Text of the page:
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West Africa’s Ebola outbreak is not fully over, but the situation no longer constitutes an international health emergency, the World Health Organization said Tuesday.

The agency’s director general, Dr. Margaret Chan, said the panel of outside experts that advises her on Ebola — the so-called Emergency Committee — has recommended that the outbreak no longer constitute a public health emergency of international concern.

Chan said she accepted the advice, a decision that attempts to draw a line under the worst Ebola outbreak the world has ever seen. More than 28,639 people — a previously unthinkable number — were infected and more than 11,316 of them died.


Despite the decision, one of the three countries at the heart of the outbreak, Guinea, is still in a state of high alert because of a recent cluster of five confirmed cases and three probable cases.

Dr. Bruce Aylward, the WHO’s special representative for the Ebola response, said the cluster is believed to have been ignited through sexual transmission involving an Ebola survivor. Aylward said the case appears to trace back to someone who survived Ebola 15 months ago and suggests the virus can be emitted in semen for longer than had been known. Previously the longest a survivor had been seen to be emitting virus in semen was nine months.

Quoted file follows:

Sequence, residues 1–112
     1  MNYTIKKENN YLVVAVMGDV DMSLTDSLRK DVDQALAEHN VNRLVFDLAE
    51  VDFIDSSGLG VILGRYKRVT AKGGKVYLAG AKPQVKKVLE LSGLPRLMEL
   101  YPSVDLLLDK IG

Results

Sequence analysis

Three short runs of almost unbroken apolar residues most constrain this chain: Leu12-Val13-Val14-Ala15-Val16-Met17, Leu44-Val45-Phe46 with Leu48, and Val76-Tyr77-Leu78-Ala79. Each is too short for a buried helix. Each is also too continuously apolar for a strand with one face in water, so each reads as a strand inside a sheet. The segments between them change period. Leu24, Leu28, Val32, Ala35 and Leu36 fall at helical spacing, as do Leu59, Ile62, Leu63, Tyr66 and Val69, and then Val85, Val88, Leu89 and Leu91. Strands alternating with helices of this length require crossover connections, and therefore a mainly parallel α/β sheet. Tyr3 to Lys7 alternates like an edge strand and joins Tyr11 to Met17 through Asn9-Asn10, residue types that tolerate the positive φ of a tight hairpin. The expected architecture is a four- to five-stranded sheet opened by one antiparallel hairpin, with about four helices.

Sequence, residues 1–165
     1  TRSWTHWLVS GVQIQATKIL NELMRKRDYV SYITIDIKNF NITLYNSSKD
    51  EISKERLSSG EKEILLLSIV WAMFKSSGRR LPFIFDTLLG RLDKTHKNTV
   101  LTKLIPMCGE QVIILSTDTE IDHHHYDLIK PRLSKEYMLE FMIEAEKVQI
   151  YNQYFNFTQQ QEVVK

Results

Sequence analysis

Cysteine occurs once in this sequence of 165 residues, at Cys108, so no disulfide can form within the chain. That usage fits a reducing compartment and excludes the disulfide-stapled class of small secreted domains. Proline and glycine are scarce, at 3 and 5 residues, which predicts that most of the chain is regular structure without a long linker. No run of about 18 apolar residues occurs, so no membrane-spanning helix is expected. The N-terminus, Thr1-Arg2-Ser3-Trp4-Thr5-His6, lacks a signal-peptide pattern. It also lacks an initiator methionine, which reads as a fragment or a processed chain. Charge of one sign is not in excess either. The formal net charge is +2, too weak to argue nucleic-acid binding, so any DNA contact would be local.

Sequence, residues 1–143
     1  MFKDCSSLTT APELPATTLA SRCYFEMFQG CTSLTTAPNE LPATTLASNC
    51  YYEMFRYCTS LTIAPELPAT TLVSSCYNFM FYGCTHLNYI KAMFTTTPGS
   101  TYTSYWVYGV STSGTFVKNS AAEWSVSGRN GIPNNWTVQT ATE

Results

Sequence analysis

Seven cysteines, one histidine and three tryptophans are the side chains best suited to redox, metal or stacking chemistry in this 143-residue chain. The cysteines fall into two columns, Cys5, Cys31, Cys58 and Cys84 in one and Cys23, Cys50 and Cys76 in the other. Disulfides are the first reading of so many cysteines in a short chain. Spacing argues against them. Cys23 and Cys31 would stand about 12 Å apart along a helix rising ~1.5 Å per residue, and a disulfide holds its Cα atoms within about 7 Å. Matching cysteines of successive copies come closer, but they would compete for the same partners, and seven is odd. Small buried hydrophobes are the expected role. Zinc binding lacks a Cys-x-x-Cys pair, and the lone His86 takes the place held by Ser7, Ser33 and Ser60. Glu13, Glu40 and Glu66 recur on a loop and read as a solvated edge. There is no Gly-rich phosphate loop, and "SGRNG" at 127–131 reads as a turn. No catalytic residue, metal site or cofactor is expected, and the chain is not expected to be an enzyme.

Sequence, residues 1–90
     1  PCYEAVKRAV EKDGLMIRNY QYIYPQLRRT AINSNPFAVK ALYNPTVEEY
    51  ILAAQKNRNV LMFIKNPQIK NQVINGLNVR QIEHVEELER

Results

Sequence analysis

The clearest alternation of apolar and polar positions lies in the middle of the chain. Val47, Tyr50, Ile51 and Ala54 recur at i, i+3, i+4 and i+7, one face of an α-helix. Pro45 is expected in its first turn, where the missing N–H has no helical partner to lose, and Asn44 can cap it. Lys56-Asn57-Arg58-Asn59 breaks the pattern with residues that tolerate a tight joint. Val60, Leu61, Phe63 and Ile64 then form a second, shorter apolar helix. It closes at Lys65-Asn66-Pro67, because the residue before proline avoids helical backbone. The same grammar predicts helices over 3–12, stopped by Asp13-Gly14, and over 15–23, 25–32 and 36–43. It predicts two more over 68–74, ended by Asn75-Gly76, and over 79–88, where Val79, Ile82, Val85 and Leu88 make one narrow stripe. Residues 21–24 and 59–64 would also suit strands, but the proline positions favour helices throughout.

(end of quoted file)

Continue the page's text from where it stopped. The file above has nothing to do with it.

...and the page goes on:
While the WHO expects to see more small clusters of Ebola cases, the sense is that the health departments in the three West African countries at the heart of the protracted outbreak are capable of responding. Aylward said the WHO has not sent outside help for the past two flare-ups; it was not needed.

The WHO has on several occasions declared transmission of the Ebola virus has stopped in individual countries. But lifting the public health emergency signals to the world that the WHO believes the outbreak no longer poses a risk to other countries or requires coordinated international action.

The global health agency said the lifting of the public health emergency should inspire all countries that still restrict travel from Guinea, Sierra Leone, and Liberia to repeal those bans.

The outbreak is believed to have begun in Guinea in December 2013. It was only declared a public health emergency of international concern by the WHO in August 2014 — a delay that earned the WHO considerable criticism.

Among those who died in the outbreak were hundreds of health-care workers, from West Africa and beyond, who risked their lives working in conditions that were bleak and often hellish, especially at the peak of the outbreak in the late summer and early fall of 2014.
At least 881 health-care workers were infected during the outbreak, and 513 died.

The Ebola virus only has 7 genes and is smaller than a blood cell, but during an infection the deadly disease it can shut down multiple organs. Here's how it works. Hyacinth Empinado/STAT